Atheism and Diversity: Is It Wrong For Atheists To Convert Believers?
Continued from previous page
Seeing religion as a hypothesis is important for a lot of reasons. But the reason that's most relevant to today's topic:
If religion is a hypothesis, it is not hostile to diversity for atheists to oppose it.
It is no more hostile to diversity to oppose the religion hypothesis than it is to oppose the hypothesis that global warming is a hoax; that an unrestricted free market will cause the economy to flourish for everyone; that illness is caused by an imbalance in the four bodily humors; that the sun orbits the earth.
Arguing against hypotheses that aren't supported by the evidence is not anti-diversity. That's how we understand the world better. We understand the world by rigorously gathering and analyzing evidence... and by ruthlessly rejecting any hypothesis the evidence doesn't support. Was it hostile to diversity for Pasteur to argue against the theory of spontaneous generation? For Georges Lemaitre to argue against the steady-state universe? For Galileo to argue against geocentrism?
And if not, then why is it hostile to diversity for atheists to argue against the hypothesis of God and the supernatural world?
How is it any more anti-diversity for atheists to argue against religion, and to try to persuade other people to change their minds about it, than it is for anyone to argue their case against any other hypothesis, on any other topic?
Many believers will argue that religion doesn't fall into these categories. They'll argue that religion can't be proven true or false with 100-percent certainty, and therefore it's reasonable for people to believe in any religion that appeals to them. (And it's unreasonable for anyone to make an argument against it.)
But that's not entirely true. Many religions, from young-earth creationism to astrology, do make testable claims. And every single time those claims have been rigorously tested, they've folded like a house of cards in a hurricane. They can't be disproved with 100-percent certainty, but almost nothing can, and that isn't the standard of evidence we use for any other claim.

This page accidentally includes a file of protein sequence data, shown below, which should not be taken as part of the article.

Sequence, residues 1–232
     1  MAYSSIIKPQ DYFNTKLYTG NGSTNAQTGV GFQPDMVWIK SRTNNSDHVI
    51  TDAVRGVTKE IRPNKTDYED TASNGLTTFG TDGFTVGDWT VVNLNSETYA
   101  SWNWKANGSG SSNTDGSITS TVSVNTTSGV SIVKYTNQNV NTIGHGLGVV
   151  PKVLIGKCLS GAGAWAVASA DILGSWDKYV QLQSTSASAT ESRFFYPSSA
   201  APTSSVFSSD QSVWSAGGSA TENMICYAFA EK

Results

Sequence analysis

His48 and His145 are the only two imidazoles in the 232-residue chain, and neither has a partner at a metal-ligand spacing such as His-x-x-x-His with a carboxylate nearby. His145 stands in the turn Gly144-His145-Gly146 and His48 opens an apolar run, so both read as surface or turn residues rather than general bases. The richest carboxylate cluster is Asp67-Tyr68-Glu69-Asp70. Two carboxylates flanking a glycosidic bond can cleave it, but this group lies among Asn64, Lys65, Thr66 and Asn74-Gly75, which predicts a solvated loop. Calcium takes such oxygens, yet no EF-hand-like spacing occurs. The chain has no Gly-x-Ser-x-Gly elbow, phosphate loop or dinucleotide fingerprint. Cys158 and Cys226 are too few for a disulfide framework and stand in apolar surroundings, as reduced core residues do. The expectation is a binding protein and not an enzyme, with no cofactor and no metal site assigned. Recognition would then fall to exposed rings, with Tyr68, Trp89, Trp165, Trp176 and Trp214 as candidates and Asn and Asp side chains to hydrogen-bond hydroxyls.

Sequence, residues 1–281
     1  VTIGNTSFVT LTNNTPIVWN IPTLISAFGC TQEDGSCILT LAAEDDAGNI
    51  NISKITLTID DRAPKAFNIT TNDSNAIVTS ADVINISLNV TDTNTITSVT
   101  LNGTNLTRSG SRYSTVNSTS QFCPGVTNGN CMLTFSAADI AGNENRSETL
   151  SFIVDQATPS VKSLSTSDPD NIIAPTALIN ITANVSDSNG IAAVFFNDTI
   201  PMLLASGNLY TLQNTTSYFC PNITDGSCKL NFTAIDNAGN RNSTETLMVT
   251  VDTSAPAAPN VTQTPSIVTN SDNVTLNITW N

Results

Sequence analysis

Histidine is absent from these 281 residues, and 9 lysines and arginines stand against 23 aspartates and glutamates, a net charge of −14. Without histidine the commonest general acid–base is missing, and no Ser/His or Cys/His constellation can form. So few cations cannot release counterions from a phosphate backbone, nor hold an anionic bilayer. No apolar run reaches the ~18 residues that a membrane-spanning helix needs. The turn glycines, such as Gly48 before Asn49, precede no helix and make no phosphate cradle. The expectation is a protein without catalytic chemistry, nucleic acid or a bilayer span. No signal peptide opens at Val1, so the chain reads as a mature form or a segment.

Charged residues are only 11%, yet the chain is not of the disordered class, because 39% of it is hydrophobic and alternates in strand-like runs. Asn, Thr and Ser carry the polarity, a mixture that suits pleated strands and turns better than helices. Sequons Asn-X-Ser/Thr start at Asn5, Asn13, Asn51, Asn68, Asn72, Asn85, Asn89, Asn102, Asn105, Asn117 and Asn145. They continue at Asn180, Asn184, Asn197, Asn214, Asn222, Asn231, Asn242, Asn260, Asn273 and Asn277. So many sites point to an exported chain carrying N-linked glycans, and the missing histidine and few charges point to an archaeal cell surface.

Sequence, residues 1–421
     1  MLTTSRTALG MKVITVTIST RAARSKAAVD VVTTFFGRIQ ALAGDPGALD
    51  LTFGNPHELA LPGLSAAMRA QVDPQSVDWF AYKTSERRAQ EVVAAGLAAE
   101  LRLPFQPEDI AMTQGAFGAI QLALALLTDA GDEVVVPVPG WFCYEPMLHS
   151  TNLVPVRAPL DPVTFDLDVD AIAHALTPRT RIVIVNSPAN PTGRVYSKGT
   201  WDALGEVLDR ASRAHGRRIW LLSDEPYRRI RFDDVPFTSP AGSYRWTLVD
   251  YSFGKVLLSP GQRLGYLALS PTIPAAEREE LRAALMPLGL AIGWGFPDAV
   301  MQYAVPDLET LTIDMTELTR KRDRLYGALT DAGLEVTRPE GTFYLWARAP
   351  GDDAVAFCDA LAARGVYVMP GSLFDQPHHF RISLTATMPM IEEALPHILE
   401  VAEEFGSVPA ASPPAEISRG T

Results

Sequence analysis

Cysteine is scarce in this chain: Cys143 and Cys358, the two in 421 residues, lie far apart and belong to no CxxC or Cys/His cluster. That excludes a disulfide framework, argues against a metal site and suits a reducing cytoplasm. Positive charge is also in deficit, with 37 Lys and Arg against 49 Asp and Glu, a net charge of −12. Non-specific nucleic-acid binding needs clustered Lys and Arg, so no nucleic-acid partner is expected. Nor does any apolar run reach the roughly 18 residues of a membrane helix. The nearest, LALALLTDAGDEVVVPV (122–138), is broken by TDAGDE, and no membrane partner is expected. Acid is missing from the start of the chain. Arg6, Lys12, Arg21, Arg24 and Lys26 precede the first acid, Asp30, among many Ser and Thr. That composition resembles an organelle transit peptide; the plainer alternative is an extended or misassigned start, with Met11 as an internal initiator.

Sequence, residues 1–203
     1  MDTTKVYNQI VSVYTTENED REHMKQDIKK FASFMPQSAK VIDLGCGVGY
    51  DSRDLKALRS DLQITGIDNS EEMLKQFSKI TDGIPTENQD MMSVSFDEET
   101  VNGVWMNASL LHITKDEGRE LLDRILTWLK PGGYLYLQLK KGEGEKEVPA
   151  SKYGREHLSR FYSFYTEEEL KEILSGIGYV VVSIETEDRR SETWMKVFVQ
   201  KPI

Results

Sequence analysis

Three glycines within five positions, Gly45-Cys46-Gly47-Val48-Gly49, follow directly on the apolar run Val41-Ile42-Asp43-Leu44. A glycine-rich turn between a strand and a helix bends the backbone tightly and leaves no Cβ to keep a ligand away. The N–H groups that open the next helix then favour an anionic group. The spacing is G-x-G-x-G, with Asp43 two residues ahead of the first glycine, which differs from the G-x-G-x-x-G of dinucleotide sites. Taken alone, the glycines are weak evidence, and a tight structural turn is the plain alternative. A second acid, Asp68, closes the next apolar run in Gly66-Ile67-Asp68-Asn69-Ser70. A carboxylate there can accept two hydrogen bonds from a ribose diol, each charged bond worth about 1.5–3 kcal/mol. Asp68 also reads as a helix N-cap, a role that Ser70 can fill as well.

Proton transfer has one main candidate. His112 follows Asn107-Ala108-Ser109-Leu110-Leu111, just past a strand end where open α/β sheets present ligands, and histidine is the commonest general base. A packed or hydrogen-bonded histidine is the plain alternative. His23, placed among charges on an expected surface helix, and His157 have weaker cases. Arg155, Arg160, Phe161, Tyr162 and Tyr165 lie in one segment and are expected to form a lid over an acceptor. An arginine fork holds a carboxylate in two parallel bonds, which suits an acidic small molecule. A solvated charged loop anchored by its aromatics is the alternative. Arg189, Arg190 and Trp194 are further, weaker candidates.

Much more to the point, though: When you start seeing religion as a hypothesis, the fact that it's unverifiable suddenly stops being a defense.
In fact, it's completely the opposite. The fact that religion is unverifiable becomes one of the most devastating arguments against it.
One of the most important things about a hypothesis is that it has to be falsifiable. If any possible evidence could be used to support a hypothesis -- if your hypothesis will be shown to be true whether the water in the beaker gets hotter or colder, stays the same temperature, boils away instantly or turns into a parrot and flies out the door -- it is an utterly useless hypothesis. If any event at all can be fitted into it, then it has no power whatsoever to explain past events or predict future outcomes. It is, as they say, not even wrong.
And that's just as true of religion as any other hypothesis. If any outcome of, for instance, an illness -- recovering dramatically for no apparent reason, getting gradually better with medical intervention, getting worse, staying the same indefinitely, dying -- could be explained as God's work, then the God hypothesis is useless. It has no power to explain the world, to predict the future, or to tell us how our behavior will affect the outcomes of our lives. It serves no purpose. (Except, perhaps, a psychological one.)
The fact that religion is unfalsifiable doesn't mean we have to accept it as a reasonable possibility. It means the exact opposite. It means we should reject it wholesale.